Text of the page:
What is caulking/sealant?
Caulking/sealant is a bead of (silicon, latex/acrylic, polyurethane, butyl/rubber) specific material that seals the penetrations, gaps, cracks and material intersections.
In actual caulk and sealant are two different names used interchangeably, but there is a difference in elasticity. Sealants (for example, silicon) are more elastic than caulks (latex/acrylic). For the sake of simplicity, we are using the word caulking here for both caulk and sealant.
What is the Purpose of caulking?
Caulking performs three critical functions:
- It prevents water invasion. As we discussed in our previous blog post, “water is the biggest enemy of the house.” Once the water gets behind the walls, it will rot the wood and weakens the building structure. Water also promotes mold and mildew growth, which cause many health-related problems.
- It reduces or eliminates air drafts. We pay money to condition (heat/cool) the air, and we want the temperature and humidity to be at certain levels. But, If there are gaps in the house, they will let the air in and out and make the envelope uncomfortable. Air leaks will cost you money and cause discomfort.
- The third important function of caulking is to improve the aesthetics of your property. The visual appearance of your house will be at a different level with the smooth and evenly applied caulking matching with the right colour paint.
Where to use the caulking?
- Around Wall penetrations for exhaust air, electrical wiring and plumbing fixtures. Doors and windows surroundings, exterior trim, dissimilar materials intersections.
- Around roof penetration, such as plumbing stacks, chimneys, electrical masts, skylights, ventilation ducts, flashings, gutters and downspouts.
- It can also fill masonry cracks, garage/driveway groove, concrete expansion and contraction joints.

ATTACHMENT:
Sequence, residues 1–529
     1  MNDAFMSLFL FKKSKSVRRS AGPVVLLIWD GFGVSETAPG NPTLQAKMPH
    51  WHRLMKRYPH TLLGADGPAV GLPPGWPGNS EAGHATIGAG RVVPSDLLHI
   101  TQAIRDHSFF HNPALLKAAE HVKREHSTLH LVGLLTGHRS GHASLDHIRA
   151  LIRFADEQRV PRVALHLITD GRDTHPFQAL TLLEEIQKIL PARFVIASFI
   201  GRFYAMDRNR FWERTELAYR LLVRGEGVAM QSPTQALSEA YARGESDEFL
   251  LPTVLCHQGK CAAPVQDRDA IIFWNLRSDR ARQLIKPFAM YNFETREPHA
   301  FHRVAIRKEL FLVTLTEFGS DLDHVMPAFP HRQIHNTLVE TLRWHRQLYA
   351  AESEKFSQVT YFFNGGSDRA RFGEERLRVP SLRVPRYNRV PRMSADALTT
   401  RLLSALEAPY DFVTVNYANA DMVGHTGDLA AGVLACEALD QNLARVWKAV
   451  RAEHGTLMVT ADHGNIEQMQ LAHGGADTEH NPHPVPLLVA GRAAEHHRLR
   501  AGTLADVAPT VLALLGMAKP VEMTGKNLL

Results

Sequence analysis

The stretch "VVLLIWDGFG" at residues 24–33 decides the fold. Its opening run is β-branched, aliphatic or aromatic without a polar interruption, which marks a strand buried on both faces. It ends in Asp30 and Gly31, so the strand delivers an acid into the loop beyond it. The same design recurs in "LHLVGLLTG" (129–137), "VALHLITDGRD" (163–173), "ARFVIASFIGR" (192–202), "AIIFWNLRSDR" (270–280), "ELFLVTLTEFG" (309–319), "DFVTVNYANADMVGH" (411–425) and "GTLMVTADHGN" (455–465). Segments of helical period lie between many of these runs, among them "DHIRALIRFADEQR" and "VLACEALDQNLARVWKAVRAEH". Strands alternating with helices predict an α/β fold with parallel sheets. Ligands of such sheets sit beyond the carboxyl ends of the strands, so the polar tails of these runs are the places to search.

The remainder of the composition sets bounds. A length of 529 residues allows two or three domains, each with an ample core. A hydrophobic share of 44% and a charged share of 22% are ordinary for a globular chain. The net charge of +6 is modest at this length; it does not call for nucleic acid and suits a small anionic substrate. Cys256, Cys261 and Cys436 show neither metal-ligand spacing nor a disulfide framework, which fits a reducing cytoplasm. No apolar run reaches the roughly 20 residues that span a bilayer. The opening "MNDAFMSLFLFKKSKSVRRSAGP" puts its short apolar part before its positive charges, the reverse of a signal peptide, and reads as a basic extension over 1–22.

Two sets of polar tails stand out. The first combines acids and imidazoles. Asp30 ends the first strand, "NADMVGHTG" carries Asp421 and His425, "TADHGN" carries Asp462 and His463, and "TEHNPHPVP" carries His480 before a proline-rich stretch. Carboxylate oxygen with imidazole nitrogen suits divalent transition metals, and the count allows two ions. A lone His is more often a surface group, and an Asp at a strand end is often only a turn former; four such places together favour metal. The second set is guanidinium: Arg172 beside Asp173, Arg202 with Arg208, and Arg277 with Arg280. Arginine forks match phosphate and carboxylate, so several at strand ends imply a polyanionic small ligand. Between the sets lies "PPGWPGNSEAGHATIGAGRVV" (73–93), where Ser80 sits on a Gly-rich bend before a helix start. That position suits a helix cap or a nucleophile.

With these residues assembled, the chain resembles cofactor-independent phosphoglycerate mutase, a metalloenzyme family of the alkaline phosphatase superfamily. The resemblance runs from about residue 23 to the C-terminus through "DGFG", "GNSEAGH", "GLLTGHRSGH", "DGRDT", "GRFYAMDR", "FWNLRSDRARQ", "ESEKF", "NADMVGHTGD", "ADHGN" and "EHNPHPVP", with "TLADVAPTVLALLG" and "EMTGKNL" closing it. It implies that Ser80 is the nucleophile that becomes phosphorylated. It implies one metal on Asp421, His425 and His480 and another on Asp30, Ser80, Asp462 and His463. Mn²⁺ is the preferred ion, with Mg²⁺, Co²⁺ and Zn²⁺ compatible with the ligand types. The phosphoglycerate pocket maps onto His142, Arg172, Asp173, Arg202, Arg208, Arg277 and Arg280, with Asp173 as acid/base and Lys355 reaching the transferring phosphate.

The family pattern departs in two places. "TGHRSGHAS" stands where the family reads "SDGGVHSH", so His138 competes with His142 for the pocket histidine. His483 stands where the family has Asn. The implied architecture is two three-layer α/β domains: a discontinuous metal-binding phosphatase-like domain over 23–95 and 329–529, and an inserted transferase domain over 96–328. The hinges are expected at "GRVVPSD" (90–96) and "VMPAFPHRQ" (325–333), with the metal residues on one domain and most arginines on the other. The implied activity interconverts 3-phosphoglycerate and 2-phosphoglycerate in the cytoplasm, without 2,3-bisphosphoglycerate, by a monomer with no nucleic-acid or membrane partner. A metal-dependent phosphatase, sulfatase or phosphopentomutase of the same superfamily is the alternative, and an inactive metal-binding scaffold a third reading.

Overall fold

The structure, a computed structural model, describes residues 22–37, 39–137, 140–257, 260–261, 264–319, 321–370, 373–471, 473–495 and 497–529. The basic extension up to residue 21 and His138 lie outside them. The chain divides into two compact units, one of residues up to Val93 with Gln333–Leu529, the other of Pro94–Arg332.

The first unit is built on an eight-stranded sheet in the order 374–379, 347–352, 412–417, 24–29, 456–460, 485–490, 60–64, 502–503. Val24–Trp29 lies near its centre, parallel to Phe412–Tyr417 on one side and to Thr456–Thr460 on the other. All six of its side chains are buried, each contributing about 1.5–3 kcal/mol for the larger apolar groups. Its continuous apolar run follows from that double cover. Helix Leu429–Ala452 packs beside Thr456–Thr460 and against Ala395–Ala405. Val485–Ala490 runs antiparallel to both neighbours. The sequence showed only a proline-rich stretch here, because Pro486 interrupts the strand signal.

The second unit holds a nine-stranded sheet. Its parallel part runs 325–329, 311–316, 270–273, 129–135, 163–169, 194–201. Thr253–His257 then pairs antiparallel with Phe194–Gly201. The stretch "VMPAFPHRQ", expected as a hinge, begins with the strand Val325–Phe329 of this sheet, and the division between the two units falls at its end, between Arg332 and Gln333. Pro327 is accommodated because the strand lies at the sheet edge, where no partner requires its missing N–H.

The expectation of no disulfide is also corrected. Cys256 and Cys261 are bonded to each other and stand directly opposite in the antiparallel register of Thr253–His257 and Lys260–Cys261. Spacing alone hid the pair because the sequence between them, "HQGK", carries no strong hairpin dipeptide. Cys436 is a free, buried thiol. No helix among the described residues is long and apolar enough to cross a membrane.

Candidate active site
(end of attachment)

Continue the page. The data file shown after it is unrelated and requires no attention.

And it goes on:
- Around bathtubs, showers, sinks, splashbacks. Tile intersections, sink and countertop meeting points, where the toilet meets the floor.
- At wall ceiling intersections, along baseboards, trims and mouldings.
Now, we know the importance of caulking and the places where we have to caulk. The question that arises here, what is the best caulking material?
In order to answer the above question, I would say no caulk can do all the jobs. There are different materials available, and each is used for a specific purpose. Primarily, they are divided into four categories:
1. Latex/Acrylic 2. Silicon 3. Polyurethane 4. Butyl/Rubber
Let’s talk about them one by one
Latex: is the least expensive and less durable than silicon. It is paintable and is most suitable for indoor uses. Many people call it panter’s caulk.
Silicone: is flexible and waterproof; that’s why it is more suitable for wet locations such as bathrooms and kitchens. It offers less abrasion resistivity, so not the right choice for traffic areas.
Polyurethane: is very durable and adhesive. It is more abrasion resistant than silicon. It is mostly used for outdoor uses such as cracked masonry repairs, in concrete control joints, at exterior materials’ intersections. It also comes into foam that expands when applied, making it perfect for filling larger gaps and holes.
Butyl: is a rubber-based caulk, and it is highly flammable, so it should not be used inside. Rubber caulking is adhesive and water-resistant. This type of caulking is most suitable for caulking flashings, filling asphalt cracks, sealing roof penetrations and gutters.